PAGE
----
I stumbled across the mention of an Indiegogo project over on TechDirt this weekend for a short film (The Cure
) exposé on Big Pharma's ongoing assault against generic drug makers. TechDirt
to say about it:
This next one, I'm a bit less sure about, but the topic could be interesting. It's supposedly a short film, made in South Africa about the big pharmaceutical makers going after generic drug makers, called The Cure. What makes me a bit unsure about is that the filmmakers, Katey Carson and Errol Schwartz, seem a hell of a lot more excited about the fact that (a) they signed up some "Oscar-winning talent" to be in the film and (b) that they're filming the whole thing with an iPhone, than they are about the story, which they barely mention at all. The topic sounds interesting. I just wish they'd actually have said something about that, rather than the other stuff which really isn't that interesting.
The project has barely raised any money, and they're pretty ambitious to seek $35,000 for this. But since it's an Indiegogo "flex funding" campaign, they'll get the money even if they don't raise the full amount. Also, the "rewards" you get back seem ridiculously high priced. You have to pay $100 just to get a download of the short film and $50 for the script? Hmmm. Love the idea of a film that highlights problems with drug patents, but not sure this is the best way to do it.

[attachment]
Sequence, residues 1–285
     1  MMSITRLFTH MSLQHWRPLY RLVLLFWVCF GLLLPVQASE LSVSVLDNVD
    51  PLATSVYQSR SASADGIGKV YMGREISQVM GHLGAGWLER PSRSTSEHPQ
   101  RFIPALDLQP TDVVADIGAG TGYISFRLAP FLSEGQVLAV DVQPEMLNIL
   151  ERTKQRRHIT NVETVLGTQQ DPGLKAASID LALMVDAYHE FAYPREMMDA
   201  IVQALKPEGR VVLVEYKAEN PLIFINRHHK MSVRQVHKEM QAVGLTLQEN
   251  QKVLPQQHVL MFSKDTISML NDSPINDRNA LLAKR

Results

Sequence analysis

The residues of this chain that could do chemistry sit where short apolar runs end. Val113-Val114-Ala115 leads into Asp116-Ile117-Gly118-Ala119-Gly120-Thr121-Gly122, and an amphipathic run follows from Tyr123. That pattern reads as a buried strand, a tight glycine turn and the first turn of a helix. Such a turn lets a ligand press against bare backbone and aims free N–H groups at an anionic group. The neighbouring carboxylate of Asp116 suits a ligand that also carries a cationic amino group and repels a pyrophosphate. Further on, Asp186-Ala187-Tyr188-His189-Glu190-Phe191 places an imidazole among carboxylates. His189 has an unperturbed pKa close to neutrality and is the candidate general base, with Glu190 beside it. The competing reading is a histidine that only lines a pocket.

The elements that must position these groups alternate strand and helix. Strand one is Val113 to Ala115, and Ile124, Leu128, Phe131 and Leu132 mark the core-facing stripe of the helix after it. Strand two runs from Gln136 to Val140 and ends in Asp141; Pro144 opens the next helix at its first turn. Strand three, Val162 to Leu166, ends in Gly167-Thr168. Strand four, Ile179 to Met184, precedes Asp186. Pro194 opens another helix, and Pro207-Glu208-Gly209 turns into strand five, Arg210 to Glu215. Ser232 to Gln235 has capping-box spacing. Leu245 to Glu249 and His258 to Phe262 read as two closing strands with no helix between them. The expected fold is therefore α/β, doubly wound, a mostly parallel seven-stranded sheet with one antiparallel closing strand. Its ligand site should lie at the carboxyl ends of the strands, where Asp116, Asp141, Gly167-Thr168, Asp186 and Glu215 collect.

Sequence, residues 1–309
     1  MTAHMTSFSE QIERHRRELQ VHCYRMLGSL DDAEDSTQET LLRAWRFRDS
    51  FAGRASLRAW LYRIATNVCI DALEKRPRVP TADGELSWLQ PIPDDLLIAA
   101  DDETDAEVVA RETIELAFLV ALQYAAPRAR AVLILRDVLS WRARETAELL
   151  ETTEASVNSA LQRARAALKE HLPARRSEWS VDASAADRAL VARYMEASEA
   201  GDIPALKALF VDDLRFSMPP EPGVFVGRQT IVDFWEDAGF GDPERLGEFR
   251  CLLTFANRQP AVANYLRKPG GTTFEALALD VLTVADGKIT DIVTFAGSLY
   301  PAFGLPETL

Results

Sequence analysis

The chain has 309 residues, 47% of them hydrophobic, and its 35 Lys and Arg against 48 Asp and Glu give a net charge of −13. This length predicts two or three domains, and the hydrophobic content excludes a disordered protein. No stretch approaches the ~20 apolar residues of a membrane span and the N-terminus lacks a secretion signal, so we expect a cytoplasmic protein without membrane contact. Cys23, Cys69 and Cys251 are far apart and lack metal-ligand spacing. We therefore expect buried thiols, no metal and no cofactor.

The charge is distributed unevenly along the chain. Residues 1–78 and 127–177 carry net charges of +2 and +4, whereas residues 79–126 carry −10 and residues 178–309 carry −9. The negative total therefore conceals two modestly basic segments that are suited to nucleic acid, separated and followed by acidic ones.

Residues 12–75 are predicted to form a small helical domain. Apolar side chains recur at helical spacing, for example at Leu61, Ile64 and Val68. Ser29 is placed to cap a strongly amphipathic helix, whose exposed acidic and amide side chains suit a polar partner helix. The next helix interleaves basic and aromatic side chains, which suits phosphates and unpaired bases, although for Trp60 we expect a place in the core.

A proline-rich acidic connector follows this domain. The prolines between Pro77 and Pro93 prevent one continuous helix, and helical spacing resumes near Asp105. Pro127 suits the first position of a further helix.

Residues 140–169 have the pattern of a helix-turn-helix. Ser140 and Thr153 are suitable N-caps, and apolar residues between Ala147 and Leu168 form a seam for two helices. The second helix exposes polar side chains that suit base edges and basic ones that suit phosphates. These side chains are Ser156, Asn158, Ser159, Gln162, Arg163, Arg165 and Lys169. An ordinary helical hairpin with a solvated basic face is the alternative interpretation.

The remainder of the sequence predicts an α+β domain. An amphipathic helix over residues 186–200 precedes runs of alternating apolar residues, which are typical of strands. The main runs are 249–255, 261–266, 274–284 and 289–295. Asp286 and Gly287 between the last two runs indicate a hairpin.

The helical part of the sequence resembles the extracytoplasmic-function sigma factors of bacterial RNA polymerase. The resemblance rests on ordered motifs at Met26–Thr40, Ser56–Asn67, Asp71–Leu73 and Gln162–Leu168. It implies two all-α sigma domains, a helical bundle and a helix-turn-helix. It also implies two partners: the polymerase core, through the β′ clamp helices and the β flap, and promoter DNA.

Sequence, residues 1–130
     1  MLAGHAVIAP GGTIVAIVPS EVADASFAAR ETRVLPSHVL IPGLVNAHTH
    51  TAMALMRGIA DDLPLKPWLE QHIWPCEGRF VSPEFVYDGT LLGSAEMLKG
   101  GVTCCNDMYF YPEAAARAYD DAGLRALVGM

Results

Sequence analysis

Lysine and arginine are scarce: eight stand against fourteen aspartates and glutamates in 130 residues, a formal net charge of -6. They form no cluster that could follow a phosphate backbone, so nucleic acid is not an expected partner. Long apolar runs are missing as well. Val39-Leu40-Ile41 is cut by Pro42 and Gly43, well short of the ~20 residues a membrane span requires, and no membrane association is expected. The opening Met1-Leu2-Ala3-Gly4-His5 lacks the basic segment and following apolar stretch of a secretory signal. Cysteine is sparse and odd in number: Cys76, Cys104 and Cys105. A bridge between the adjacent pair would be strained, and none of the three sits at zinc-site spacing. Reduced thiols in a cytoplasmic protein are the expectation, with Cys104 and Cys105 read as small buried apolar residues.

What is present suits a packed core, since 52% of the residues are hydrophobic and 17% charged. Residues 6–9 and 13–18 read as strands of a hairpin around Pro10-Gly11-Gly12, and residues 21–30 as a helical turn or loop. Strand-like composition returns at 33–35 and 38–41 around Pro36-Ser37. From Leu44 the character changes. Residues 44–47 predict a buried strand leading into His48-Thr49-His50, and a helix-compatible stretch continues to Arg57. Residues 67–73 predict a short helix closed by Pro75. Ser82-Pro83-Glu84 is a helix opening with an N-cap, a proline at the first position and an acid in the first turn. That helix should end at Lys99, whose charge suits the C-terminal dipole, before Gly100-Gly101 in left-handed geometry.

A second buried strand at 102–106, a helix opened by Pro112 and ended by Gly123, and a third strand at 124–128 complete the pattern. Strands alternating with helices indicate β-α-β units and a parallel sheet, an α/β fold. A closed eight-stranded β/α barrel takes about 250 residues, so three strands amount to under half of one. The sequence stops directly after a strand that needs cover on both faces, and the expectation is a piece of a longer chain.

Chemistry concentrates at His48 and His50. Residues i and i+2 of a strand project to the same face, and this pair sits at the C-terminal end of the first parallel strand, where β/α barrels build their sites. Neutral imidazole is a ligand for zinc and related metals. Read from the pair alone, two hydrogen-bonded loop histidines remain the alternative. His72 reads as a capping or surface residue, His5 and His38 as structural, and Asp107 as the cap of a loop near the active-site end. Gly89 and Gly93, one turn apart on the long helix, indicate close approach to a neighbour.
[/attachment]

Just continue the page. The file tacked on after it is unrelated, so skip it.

That seemed a little harsh to me so I couldn't resist checking out the project page here
Unfortunately, I have to agree with TechDirt. It's probably one of the worst sales pitches I've ever seen for a crowdsource project. And apparently we're not alone. The project has only raised $70 of it's $35K target.
I only posted this because I'm seeing more and more hopeful (and very genuine) young talent around where I live starting to view things like Kickstarter
as the web equivalent of asking their relatives and friends to "borrow" money for a school project. They soon discover, much to their chagrin, it's nowhere near
It's not too often you see such a perfect example of 'how not to do something' that doesn't border on being a parody of itself. This pitch is the exact opposite. It initially looks good - as the folks who put it together probably thought it was. Until you listen
to what's being said, and realize it says barely nothing
' - and far too much about 'who
' and 'how
Not an optimal approach if you're hoping to raise some money. Especially money from people you don't already know.
Oh well...a good lesson is a good lesson. Even if it's a lesson on how not
to do something.